Dispose of Waffles

I’ve just returned to a first draft of novel and am astounded at the amount of ‘waffling’ I have written. Experience, and wise tutors, all recommend putting aside a manuscript for a few weeks before returning to it with ‘fresh eyes’. My fresh eyes have been assassinated by my over-writing.

Some see ‘waffling’ as padding or filling in words for the sake of upping a word count. But there’s many other ways of waffling on. Rewriting from passive to active will generally save words, i.e. ‘I would have thought that he’d kiss her,’ becomes: ‘I thought he’d kiss her.’ Saves three words and reads much tighter.

Attributions test us. I found a line where I attributed: ‘he gruffs.’ How many times have we been told to not do such things? (Unless absolutely necessary). The speaker’s words should be written in such a manner that implies gruffness.

More superfluous matter: ‘She stood in front of the shop window.’ Why not: ‘She stood before the shop window,’ or, better still, ‘She stood admiring the shop window.’?

Ah, revision. The tense hours of reading and re-writing can be the most productive hours of our writing challenge.

If my 100,000 word novel becomes 90,000, should I be dismayed at ‘losing’ 10,000 words? Never. I should be pleased that I have refined my work into a much better product.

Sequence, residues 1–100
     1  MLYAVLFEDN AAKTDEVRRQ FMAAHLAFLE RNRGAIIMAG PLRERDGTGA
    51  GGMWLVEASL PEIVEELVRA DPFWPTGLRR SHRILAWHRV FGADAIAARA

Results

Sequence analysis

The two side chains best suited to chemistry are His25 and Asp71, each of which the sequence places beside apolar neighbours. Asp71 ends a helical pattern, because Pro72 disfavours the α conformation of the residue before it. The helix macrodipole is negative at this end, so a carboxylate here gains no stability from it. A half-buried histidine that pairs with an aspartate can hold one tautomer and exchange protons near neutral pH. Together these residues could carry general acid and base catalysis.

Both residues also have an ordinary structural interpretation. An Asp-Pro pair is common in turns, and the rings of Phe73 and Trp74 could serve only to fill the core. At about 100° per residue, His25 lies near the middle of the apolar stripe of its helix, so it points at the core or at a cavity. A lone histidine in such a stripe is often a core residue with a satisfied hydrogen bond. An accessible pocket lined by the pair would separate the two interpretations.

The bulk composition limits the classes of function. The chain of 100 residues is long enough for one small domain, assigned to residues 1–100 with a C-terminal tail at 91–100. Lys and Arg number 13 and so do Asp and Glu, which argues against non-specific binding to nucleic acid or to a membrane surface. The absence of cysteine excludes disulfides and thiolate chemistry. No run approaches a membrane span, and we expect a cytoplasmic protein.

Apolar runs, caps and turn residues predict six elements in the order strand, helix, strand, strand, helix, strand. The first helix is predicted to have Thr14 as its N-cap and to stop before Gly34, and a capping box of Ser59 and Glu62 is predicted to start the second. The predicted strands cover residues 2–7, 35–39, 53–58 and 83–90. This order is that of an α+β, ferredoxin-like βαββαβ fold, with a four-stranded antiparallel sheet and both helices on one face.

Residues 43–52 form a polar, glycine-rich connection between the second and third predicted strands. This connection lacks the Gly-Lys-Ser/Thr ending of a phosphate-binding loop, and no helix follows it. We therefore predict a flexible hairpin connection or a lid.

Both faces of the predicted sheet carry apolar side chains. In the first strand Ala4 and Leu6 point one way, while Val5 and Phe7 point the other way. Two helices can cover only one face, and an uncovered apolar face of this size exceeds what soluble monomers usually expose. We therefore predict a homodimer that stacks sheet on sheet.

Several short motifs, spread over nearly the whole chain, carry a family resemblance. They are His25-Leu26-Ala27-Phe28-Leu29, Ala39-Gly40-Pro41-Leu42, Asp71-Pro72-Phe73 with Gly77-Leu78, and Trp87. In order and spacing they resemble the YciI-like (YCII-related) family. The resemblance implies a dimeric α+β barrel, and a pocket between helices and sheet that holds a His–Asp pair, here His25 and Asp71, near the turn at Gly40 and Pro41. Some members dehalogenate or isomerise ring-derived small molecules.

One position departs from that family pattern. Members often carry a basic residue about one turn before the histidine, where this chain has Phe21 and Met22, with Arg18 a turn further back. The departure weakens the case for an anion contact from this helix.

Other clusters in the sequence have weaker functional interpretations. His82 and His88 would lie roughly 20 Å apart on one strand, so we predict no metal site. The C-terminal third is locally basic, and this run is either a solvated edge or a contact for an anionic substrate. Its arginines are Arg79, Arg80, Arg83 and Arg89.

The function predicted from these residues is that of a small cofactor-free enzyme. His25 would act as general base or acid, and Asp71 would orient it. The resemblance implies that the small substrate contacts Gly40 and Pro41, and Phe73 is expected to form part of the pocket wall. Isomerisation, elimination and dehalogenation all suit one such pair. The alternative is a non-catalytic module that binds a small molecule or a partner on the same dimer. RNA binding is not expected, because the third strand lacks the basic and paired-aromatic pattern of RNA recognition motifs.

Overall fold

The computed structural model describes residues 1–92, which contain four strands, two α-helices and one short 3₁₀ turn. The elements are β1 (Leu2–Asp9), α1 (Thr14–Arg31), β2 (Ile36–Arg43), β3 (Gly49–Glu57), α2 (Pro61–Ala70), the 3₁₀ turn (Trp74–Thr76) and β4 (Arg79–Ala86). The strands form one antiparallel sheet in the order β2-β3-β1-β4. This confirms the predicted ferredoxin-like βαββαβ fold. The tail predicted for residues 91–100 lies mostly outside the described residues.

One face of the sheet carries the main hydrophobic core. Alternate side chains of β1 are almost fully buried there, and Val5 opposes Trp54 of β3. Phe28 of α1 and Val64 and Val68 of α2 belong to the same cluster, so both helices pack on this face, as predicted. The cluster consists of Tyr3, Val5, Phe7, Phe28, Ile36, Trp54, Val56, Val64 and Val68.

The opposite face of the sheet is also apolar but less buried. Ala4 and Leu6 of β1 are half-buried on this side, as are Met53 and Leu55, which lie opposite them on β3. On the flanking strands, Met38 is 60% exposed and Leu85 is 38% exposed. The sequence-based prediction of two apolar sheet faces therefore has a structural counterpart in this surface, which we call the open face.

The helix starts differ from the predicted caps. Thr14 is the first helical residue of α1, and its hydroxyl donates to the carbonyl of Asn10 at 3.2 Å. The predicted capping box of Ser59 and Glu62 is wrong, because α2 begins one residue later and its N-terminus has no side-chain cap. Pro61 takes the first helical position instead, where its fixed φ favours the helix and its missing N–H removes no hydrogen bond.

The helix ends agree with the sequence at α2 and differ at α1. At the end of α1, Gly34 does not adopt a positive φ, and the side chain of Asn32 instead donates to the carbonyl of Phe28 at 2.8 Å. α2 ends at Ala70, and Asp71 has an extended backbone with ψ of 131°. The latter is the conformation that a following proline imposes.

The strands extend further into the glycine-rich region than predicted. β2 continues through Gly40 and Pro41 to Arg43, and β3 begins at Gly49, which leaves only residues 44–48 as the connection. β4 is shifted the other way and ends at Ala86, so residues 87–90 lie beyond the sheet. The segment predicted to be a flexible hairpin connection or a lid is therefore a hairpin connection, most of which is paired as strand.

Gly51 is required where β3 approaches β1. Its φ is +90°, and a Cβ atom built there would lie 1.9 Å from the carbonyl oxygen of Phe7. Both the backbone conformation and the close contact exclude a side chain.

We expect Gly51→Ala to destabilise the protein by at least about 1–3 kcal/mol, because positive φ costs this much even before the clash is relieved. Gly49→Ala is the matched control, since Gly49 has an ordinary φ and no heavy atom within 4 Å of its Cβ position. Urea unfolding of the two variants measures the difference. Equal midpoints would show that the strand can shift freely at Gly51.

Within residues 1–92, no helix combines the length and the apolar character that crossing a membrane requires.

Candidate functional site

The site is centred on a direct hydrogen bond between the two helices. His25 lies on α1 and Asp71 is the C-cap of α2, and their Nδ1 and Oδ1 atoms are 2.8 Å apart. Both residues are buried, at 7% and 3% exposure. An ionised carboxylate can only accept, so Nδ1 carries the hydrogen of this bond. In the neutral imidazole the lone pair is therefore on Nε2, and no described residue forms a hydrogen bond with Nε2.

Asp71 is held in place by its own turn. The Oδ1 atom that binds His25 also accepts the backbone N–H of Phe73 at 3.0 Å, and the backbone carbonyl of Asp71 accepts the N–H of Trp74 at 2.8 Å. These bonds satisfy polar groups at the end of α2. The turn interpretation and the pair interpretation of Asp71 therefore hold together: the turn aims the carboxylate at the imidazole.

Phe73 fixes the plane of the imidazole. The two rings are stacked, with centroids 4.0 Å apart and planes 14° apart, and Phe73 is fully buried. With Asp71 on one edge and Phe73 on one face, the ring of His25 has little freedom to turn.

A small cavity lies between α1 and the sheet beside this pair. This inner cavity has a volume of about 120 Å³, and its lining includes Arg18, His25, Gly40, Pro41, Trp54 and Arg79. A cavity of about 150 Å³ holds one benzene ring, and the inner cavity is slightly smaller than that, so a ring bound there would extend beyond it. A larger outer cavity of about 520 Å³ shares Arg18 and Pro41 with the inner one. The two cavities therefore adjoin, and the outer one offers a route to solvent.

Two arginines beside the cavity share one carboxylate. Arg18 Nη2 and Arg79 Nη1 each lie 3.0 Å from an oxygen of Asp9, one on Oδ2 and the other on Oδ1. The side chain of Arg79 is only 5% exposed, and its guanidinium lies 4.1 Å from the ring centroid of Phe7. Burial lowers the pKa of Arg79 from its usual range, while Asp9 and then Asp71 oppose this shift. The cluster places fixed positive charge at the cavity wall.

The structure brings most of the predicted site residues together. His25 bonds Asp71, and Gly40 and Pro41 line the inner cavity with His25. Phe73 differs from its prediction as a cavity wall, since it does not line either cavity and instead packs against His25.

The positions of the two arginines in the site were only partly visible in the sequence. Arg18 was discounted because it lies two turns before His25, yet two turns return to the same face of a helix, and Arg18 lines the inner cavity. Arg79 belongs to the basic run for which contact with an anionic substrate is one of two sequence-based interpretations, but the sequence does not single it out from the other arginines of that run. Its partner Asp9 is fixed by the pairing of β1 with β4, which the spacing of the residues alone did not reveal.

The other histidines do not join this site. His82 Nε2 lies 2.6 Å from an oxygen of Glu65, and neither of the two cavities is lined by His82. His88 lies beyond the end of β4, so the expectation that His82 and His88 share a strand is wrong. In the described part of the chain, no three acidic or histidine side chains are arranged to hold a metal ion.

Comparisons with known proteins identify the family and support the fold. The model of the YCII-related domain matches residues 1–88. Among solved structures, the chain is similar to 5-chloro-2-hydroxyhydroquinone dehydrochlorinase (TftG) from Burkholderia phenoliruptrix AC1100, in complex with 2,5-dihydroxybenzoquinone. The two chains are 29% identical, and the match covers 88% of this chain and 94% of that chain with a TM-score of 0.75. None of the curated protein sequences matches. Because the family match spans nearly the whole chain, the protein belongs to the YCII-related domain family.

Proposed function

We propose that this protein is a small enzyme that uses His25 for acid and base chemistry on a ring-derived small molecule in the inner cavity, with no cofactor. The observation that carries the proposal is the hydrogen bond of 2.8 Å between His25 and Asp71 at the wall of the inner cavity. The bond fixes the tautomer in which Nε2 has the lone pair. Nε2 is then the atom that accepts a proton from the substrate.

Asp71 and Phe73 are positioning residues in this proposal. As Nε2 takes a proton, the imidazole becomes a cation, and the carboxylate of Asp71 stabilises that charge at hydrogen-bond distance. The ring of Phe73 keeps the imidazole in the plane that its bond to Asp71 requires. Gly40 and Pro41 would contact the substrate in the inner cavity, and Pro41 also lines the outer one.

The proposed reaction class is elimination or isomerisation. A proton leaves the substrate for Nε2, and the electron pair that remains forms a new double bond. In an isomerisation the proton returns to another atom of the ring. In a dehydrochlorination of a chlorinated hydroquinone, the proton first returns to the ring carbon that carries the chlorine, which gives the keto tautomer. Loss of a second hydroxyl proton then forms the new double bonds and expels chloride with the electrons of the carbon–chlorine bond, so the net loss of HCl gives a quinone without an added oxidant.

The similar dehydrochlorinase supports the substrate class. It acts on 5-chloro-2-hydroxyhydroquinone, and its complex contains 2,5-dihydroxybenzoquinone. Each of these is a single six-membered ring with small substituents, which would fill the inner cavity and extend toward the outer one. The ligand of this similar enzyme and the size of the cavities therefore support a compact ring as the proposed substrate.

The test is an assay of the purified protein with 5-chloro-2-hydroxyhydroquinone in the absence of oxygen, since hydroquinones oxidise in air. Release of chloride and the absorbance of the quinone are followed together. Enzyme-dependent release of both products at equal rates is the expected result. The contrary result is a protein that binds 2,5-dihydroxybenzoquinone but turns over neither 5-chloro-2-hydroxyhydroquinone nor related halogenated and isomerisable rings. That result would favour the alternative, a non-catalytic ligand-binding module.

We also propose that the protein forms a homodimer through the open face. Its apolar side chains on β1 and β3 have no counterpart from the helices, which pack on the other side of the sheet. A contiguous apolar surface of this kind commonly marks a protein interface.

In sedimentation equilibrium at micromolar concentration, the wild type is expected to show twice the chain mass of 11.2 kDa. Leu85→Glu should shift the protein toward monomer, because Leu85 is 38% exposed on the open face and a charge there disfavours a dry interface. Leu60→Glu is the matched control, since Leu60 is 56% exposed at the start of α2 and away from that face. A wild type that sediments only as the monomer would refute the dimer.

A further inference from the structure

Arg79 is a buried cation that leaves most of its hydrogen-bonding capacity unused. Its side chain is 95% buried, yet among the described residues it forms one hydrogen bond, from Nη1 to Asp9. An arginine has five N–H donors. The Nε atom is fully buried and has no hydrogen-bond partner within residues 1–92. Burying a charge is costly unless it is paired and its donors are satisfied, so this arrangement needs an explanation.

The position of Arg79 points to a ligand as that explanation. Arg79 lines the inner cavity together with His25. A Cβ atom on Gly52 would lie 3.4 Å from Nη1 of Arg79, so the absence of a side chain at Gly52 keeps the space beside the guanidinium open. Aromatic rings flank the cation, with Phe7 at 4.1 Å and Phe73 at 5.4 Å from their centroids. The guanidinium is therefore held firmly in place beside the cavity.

Paige Elizabeth Turner
Paige writes across a variety of genres, but prefers to concentrate on her crime / mystery series featuring Private Investigator Olivia Watts and her Watts Happening? Investigations agency. Also dabbling in poetry, Paige produces emotive verse from romance through to environmental issues. Writing is her lifeblood, but as experienced by many writers, there’s a shortfall of financial nutrients feeding the blood.

5 Responses to “Dispose of Waffles

  • Or ‘She admired the shop window’? If she’s in the street looking at the shop, she’s unlikely to be recumbent.

  • Helen Laycock
    8 months ago

    I enjoy whittling. That’s why I love competitions with word counts; you know how much, or how little, each word matters and the end result ends up a lot sharper as a result of a bit of brutal hacking.

    I love wittering, too.

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